The collection of the National Museum of Folk Architecture and Life saw its last restoration effort more than 40 years ago, so some attractions are now in need of immediate rescue. One of them is the unique 16th century wooden house, brought to the museum from Samary village in Volyn region back in the Soviet time. Experts say it is the only extant house of the era in the whole of Ukraine, and if we do not save it now, a bit of our culture will be lost forever.
The museum sees the house as a centerpiece of the collection. There is even an inscription on one of its walls giving the date of its creation as 1587. However, because the house stood for many years on the open ground in the rain and snow, lacking the necessary foundation and waterproofing, its wooden framework began to deteriorate. The structure suffered especially serious damage after the March snowfall. As the museum’s director general Dmytro Zaruba stated, the rescue ought to start back in the spring.
It could not, though, due to lack of funding. The museum received no money at all for a few months this year because of an inter-agency transfer (it was under the National Academy of Sciences of Ukraine before, but now is under the Ministry of Culture). The Tronko Foundation, inspired by the Hero of Ukraine, Academician Petro Tronko’s role as a founder of the museum, also joined the rescue operation, preparing letters to the Minister of Defense and foreign experts. German corporation Remmers, said to be Europe’s leading restorer, answered the museum’s call for help.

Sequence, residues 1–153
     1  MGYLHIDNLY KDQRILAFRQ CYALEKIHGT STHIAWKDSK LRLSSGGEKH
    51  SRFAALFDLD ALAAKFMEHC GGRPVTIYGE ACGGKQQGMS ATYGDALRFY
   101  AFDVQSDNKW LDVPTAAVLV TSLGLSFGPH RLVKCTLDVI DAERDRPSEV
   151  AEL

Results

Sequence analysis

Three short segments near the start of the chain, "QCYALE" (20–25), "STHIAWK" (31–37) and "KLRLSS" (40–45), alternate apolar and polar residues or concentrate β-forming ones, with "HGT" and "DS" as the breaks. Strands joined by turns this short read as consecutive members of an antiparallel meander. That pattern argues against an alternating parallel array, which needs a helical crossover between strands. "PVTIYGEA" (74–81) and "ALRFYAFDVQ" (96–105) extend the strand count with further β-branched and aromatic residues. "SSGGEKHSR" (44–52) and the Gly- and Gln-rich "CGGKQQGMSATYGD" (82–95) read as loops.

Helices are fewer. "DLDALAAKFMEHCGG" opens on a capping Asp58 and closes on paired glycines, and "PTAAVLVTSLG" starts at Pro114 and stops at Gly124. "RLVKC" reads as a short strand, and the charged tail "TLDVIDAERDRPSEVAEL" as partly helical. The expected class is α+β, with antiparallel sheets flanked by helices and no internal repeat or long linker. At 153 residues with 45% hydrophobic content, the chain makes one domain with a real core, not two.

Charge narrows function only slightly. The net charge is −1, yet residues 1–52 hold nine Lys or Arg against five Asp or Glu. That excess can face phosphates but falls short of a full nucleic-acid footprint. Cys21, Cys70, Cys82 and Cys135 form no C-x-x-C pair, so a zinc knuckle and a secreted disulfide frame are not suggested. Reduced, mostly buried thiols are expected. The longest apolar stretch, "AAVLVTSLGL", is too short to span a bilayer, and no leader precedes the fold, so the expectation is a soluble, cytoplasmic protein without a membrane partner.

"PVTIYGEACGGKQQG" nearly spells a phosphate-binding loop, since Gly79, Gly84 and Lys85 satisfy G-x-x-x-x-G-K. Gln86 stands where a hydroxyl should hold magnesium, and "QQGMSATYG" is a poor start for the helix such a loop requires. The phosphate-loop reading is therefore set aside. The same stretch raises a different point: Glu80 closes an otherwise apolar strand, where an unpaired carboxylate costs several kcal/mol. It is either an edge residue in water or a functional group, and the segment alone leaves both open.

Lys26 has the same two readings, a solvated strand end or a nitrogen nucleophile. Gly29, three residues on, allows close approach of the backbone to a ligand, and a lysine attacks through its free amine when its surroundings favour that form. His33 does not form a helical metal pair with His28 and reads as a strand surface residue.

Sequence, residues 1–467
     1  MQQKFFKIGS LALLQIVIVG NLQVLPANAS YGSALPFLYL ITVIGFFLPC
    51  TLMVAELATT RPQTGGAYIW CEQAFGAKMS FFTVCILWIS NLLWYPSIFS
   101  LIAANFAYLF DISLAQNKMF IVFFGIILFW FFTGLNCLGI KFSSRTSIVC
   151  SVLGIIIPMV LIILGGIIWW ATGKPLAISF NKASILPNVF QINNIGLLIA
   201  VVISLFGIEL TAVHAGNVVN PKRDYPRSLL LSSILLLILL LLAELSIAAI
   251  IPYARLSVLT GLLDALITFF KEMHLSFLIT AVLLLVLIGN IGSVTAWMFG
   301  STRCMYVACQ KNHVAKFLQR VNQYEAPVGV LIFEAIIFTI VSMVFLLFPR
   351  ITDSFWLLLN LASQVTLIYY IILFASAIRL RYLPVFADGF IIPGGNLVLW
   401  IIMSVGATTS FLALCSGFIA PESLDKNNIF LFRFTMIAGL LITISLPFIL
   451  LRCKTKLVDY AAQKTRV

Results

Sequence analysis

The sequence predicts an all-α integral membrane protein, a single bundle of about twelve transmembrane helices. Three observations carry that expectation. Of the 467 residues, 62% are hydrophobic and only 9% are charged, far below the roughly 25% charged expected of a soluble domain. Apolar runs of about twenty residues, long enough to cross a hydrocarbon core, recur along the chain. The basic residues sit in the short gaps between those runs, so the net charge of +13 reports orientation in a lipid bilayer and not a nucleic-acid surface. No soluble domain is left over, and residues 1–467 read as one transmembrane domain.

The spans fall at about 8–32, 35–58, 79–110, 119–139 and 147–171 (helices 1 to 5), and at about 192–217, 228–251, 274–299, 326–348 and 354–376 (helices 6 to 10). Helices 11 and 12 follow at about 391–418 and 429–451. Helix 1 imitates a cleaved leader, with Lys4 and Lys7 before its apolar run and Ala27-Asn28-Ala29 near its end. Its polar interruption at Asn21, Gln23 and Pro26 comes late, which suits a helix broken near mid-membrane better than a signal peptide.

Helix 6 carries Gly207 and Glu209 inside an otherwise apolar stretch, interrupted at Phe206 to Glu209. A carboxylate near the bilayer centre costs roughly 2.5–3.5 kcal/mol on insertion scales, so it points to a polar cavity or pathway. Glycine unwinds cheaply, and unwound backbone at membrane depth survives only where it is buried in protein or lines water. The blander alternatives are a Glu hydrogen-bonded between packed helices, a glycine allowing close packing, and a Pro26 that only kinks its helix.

The German specialists arrived to Ukraine in October to inspect the house and give their recommendations. According to their findings, some parts of the framework have moisture content of 85 percent, whereas restoration can be done only with moisture not exceeding 5 to 6 percent. Therefore, drying the wooden framework is the first priority.
“To this end, the Ministry of Defense will provide a large military tent to the museum that will completely shelter the house and protect it from the elements for the restoration’s duration,” the Tronko Foundation’s chair Larysa Tronko told The Day. “We will need then to install ventilation system in the house and start to carefully dry wood. Any sudden drying of the house will turn it into dust. Since Ukraine lacks specialists with the needed skills, we are looking for help from foreign corporations, too.”
Ukrainian restorer, full member of the Academy of Architecture, Professor Leonid Prybieha presented his opinion on the Samary house rescue operation, too. He agrees that necessary priority measures include making a concrete foundation, complete waterproofing and re-thatching of its roof. But, to preserve the attraction and its authentic wooden framework for as long as possible, he suggests keeping it after restoration under the museum’s roof where the required temperature and humidity regime can be maintained.
According to the experts’ preliminary estimates, the rescue effort will cost 200,000 hryvnias. So far, the museum carries out the priority measures at its own expense.